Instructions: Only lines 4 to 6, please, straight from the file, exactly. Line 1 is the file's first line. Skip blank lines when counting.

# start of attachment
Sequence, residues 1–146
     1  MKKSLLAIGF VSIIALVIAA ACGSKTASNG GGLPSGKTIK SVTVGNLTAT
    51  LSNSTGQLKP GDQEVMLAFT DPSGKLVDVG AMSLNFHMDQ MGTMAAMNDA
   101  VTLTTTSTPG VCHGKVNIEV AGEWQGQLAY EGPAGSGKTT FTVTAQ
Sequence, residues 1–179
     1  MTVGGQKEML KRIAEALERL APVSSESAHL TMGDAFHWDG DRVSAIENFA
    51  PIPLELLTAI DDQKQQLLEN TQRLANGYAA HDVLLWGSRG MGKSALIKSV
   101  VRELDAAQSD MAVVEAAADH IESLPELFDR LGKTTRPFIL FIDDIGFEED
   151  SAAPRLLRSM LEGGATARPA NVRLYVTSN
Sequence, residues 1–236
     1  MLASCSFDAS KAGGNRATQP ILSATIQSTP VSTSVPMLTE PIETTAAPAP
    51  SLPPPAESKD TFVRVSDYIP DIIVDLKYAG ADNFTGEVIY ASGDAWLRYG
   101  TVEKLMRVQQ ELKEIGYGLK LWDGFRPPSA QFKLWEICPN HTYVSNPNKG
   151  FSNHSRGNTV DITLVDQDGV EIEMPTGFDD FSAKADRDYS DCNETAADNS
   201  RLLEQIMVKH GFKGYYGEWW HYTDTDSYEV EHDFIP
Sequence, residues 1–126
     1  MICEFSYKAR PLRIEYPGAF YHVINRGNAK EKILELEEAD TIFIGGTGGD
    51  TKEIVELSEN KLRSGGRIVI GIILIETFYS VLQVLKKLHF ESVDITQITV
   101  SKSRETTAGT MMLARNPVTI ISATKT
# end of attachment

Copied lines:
   101  VTLTTTSTPG VCHGKVNIEV AGEWQGQLAY EGPAGSGKTT FTVTAQ
Sequence, residues 1–179
     1  MTVGGQKEML KRIAEALERL APVSSESAHL TMGDAFHWDG DRVSAIENFA